Examples:

     (i)   ‘‘B’’ bakery sells baked goods, soft drinks, coffee, prepackaged and hand-dipped ice cream. The sale of baked goods and prepackaged ice cream by ‘‘B’’ is not subject to tax. However, the sale of soft drinks, coffee and hand-dipped ice cream by ‘‘B’’ is subject to tax.

     (ii)   ‘‘D’’ delicatessen sells meat and cheese by the pound, hoagies, sandwiches, prepared cold salads, hot beans, hot macaroni and cheese, cold hard-boiled eggs and hot barbecued chicken. The sale of meat and cheese by the pound, prepared cold salads and cold hard-boiled eggs by ‘‘D’’ is not subject to tax. The sale of hoagies, sandwiches, hot beans, hot macaroni and cheese and hot barbecued chicken by ‘‘D’’ is subject to tax.

     (iii)   ‘‘S’’ service station sells frozen ice cream products, small bags of potato chips, candy and heated sandwiches. The sales are not made from a vending machine. The sale of frozen ice cream products, bags of potato chips and candy by ‘‘S’’ is not subject to tax. The sale of heated sandwiches by ‘‘S’’ is subject to tax.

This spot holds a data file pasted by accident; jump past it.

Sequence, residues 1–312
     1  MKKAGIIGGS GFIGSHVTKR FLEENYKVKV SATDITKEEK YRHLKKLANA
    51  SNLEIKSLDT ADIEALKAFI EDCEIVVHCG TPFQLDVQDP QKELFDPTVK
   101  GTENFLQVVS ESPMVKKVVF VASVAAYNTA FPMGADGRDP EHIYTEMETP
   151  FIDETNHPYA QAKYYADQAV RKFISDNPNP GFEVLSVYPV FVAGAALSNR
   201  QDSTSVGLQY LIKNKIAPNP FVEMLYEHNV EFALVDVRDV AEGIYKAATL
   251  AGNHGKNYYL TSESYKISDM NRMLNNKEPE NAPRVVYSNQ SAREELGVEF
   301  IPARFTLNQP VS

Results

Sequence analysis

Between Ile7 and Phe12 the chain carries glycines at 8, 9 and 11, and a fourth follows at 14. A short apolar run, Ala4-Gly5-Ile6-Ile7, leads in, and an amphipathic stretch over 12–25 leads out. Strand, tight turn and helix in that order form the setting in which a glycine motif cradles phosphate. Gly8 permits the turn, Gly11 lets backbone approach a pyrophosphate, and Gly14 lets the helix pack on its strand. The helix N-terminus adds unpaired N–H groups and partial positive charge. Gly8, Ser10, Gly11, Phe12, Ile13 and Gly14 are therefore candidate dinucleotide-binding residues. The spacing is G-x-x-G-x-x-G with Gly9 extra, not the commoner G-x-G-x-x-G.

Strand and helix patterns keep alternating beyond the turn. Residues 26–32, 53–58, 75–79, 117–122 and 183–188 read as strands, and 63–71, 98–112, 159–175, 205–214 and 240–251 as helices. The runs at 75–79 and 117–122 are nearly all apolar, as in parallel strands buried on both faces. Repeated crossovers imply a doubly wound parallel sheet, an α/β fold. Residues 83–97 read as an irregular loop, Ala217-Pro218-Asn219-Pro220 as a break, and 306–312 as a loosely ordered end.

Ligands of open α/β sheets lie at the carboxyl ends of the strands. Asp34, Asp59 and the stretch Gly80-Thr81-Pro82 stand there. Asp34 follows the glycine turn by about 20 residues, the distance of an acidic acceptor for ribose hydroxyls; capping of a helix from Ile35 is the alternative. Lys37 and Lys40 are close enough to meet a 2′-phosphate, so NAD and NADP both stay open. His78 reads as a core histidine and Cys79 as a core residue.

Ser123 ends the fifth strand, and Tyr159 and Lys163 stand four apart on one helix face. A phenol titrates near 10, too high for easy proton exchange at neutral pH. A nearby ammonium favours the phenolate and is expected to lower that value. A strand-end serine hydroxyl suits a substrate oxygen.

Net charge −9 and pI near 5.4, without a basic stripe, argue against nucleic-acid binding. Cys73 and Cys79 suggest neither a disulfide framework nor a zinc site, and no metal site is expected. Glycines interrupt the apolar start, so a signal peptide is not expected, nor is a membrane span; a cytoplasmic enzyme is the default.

(iv)   ‘‘C’’ candy store sells candy products. ‘‘C’’ also sells ice cream products such as hand-dipped ice cream by the cone, dish, pint or quart as well as coffee, milk shakes and ice cream sodas. The sale of candy by ‘‘C’’ is exempt from tax. However, the sale of coffee and hand-dipped ice cream products, such as cones, dishes, pints, quarts, milk shakes and ice cream sodas is subject to tax.

     (v)   ‘‘D’’ department store, a nonfood retailer, operates a restaurant located on its premises. The restaurant menu includes appetizers, salads, entrees, side dishes, desserts and beverages. The sale of food or beverage items by ‘‘D’’ from the restaurant is subject to tax.